Sunshine Coast artist Kathleen Hunt uses found and discarded objects to create wearable art that addresses the environmental impact caused by consumer objects.
This category covers current and up-coming events to the gallery.
Jandy Pannell is a jeweler who is strongly influenced by the beautiful tropical surrounds of her home in Cairns, and the delicate balance required to maintain it.
Brisbane based artist Helen Moriarty seeks to return precious materials to circulation as wearable art by reusing and re-purposing donated unwanted jewelry.
Elizabeth Shaw has completed her Masters in Visual Arts at the Queensland College of Art where she currently lectures in Jewelry and Small Objects.
Jeweler and metalsmith, Clare Poppi, is a Fine Arts Honours graduate and grant recipient now lecturing in eco-jeweler.
Ashleigh Hearne, a featured artist in our January show, Greensmith, uses recycled sterling silver and reused glass to create a beautiful necklace that anyone would be proud to wear.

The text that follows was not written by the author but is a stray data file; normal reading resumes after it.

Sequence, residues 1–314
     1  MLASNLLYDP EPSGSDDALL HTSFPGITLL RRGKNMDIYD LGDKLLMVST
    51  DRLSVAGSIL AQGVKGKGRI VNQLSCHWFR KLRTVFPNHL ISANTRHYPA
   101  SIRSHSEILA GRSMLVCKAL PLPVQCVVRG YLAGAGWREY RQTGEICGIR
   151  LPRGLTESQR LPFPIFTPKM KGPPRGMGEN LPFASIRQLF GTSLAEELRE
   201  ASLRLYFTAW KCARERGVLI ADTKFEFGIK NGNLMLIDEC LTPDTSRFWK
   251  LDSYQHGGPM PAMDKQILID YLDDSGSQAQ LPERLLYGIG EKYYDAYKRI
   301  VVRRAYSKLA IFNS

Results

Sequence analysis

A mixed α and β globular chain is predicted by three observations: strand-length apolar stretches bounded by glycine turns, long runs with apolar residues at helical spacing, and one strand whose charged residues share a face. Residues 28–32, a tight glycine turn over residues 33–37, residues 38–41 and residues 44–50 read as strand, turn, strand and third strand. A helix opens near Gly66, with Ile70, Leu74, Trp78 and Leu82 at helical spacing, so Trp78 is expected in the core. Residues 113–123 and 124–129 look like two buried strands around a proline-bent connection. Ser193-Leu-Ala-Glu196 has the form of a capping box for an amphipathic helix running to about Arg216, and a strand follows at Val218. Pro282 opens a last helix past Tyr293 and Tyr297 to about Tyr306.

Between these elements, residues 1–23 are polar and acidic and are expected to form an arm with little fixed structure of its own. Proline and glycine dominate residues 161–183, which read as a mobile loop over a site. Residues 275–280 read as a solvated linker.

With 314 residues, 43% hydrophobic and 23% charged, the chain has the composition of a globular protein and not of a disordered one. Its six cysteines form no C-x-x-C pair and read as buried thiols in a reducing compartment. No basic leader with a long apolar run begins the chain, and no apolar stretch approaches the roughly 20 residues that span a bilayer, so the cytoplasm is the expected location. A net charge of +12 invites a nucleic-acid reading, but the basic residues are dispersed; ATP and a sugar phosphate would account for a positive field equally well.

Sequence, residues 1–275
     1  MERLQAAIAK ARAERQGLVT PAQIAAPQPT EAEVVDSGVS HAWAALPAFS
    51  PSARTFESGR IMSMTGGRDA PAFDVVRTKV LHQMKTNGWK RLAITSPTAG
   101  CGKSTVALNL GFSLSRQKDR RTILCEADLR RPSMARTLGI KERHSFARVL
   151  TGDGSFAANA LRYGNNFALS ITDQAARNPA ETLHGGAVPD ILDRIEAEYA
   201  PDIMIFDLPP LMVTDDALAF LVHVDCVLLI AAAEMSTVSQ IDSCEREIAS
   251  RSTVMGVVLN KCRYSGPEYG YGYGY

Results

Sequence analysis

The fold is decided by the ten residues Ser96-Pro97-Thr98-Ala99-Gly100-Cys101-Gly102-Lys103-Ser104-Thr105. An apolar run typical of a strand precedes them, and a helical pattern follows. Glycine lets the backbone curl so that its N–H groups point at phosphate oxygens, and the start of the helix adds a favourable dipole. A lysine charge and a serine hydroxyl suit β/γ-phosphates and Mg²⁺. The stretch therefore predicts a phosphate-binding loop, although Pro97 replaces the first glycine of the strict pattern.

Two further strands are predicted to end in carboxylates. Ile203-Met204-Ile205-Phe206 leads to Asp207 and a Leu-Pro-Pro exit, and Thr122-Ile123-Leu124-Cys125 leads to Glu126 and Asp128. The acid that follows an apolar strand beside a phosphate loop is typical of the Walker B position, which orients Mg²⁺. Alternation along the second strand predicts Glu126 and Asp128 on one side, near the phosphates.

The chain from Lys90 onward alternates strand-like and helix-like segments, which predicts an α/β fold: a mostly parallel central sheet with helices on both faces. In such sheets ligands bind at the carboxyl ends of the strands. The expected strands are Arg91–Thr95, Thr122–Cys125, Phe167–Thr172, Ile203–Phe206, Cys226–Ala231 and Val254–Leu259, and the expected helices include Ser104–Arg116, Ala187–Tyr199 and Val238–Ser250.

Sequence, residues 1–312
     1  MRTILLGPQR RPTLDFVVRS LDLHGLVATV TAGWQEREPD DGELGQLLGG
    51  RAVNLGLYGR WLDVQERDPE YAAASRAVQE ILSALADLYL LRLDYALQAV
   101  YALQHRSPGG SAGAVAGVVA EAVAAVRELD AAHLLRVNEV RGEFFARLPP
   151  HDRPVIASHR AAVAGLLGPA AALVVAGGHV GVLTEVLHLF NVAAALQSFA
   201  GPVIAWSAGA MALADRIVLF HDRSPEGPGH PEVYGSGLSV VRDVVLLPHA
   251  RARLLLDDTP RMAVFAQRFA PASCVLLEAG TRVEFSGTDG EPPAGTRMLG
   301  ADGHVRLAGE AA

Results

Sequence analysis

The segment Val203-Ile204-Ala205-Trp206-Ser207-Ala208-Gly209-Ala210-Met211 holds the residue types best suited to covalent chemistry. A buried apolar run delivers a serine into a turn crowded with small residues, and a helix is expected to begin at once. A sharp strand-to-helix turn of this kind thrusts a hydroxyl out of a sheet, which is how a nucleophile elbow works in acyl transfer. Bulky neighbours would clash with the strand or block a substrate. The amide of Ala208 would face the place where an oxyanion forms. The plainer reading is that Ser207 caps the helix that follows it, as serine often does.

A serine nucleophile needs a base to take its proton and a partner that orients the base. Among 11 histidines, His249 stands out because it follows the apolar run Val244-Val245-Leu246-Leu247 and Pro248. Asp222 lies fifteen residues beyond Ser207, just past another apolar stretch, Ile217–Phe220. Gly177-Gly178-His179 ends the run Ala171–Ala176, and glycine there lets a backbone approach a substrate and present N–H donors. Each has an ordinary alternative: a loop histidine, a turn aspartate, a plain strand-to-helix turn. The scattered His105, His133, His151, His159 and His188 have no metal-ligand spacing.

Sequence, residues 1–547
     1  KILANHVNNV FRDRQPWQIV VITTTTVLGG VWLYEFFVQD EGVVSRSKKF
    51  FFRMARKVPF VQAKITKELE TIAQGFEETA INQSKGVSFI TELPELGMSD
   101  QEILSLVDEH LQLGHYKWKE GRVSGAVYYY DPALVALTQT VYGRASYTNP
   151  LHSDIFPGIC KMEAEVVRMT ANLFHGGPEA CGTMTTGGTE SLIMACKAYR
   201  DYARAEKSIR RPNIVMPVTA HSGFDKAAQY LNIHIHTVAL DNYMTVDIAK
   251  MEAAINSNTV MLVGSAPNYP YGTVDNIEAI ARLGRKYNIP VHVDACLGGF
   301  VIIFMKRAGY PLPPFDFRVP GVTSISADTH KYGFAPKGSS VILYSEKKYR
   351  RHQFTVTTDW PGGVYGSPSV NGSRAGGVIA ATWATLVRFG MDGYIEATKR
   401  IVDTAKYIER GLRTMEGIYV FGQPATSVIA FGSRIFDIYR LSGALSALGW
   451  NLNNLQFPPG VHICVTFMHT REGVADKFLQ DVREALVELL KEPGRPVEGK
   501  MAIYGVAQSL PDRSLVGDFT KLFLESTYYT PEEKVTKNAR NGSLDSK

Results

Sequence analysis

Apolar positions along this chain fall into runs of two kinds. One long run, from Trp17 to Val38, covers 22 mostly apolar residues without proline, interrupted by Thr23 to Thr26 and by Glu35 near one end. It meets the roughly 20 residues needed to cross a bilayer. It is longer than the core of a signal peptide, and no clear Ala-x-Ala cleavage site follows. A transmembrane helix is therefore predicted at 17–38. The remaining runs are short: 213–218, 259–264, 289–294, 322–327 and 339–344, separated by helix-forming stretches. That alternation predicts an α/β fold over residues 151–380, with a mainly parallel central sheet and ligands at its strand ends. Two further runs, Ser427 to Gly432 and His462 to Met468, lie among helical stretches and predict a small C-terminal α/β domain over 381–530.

Artist Jennifer Brazelton wants you to experience nationalism in new and unexpected ways. For the past three years she has been creating sculptures using maps of nations whose shapes are altered by human population data. These oddly distorted two-dimensional cartogram drawings were created by Benjamin D. Hennig’s PhD research.
Jennifer transforms these maps through research and her creative process into three-dimensional sculptures. She layers organic and patterned surfaces over the “bumpy terrain” in an effort to make the sculptures pulse with life. The countries she sculpts are topical and in the media. Often, just the act of sculpting a particular country becomes a political act. These population-distorted maps are a Trojan Horse for a different view on a country or culture.
Anna Vaughan is an artist and educator living in Oakland, California. Originally from the Midwest, Vaughan’s creativity was nourished at early age by her mother, who was an art teacher and remains a practicing artist.
Freya Prowe was raised by a bicultural family in the United States. German fairy tales informed much of her early imaginary world.
Danielle Schlunegger grew up amongst the shell shops and sand dunes of Ventura, CA. Currently working and living in Oakland CA, her artwork is strongly influenced by 18th century Cabinets of Curiosity and early explorers.